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NLRB’s Controversial Joint-Employer Standard in House Appropriations Committee’s Crosshairs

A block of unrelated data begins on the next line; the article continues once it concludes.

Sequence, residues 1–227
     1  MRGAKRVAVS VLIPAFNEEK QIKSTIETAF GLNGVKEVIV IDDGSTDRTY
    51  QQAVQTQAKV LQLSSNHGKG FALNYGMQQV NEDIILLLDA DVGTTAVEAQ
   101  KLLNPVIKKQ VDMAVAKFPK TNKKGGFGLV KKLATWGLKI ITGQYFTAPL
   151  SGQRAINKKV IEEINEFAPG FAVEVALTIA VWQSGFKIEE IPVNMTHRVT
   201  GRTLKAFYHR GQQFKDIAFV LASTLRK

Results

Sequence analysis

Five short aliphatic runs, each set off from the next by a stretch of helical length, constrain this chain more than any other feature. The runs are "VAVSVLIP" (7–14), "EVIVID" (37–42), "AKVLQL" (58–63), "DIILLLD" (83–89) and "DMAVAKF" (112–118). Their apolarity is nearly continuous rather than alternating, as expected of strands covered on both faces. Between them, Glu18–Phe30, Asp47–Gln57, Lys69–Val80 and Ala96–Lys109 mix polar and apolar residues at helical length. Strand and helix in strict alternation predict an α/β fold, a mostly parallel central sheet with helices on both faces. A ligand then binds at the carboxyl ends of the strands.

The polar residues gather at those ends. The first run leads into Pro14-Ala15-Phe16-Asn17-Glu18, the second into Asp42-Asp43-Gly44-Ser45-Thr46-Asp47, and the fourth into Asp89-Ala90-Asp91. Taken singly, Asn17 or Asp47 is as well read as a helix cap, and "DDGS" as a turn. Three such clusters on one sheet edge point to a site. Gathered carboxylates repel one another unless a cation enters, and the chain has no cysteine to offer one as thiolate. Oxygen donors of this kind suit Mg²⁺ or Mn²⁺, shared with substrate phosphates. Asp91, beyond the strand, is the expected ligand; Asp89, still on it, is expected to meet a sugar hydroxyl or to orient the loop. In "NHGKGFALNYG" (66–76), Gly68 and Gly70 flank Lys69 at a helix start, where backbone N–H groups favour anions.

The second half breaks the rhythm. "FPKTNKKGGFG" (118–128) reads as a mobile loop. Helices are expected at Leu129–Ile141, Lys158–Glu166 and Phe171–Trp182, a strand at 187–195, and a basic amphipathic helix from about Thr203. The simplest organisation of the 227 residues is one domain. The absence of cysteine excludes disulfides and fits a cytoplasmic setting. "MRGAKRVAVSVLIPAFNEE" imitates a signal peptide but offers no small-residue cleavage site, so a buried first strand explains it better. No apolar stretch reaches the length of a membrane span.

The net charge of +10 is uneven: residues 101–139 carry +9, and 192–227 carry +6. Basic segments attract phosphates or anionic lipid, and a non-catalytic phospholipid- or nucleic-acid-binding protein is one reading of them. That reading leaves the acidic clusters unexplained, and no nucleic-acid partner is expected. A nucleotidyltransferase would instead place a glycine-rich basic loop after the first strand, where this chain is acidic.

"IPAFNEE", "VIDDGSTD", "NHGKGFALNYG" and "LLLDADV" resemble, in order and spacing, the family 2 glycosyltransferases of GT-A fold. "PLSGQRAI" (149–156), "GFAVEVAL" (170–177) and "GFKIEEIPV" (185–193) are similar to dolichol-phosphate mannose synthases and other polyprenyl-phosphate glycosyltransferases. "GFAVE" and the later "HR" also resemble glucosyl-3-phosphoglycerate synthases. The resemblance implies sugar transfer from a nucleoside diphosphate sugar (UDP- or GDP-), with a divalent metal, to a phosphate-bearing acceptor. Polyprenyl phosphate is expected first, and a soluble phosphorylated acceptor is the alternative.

The NLRB’s controversial 2015 Browning-Ferris decision greatly expanding the definition of “joint-employer” to include those employers who exert only indirect control over employees may not be around much longer, as House Republicans are attempting to use the power of the purse to rein in the Board. On July 13, the House Appropriations Subcommittee on Labor, Health and Human Services, and Education voted to approve a draft spending bill for fiscal year 2018 that would prohibit the NLRB from applying the “indirect control” standard set out in Browning-Ferris, and would require the Board to revert back to the pre-Browning-Ferris “direct control” standard. Not surprisingly, the vote was along strict party lines, with Republicans voting for the draft bill. This measure will likely face strong resistance from congressional Democrats. This move comes while we await congressional action on President Trump’s two Republican nominees to fill the vacancies on the Board. If the nominees, William Emanuel and Marvin Kaplan, are approved, there is good reason to believe they would join Chairman Philip Miscimarra, who vigorously dissented in Browning-Ferris, and overturn the decision. However, even assuming Emanuel and Kaplan are approved, there is no telling how long it might take for a case raising concerns about Browning-Ferris to come before the Board, giving the new Republican majority an opportunity to reverse it. With this draft spending bill, House Republicans seek to avoid that waiting game and force the NLRB’s hand, whether it consists of a Democratic or Republican majority. However, in these days of short-term continuing resolutions just to keep the government afloat, passing a budget is not an easy task for Congress. Nonetheless, there may be hope on the horizon for employers struggling under Browning-Ferris.


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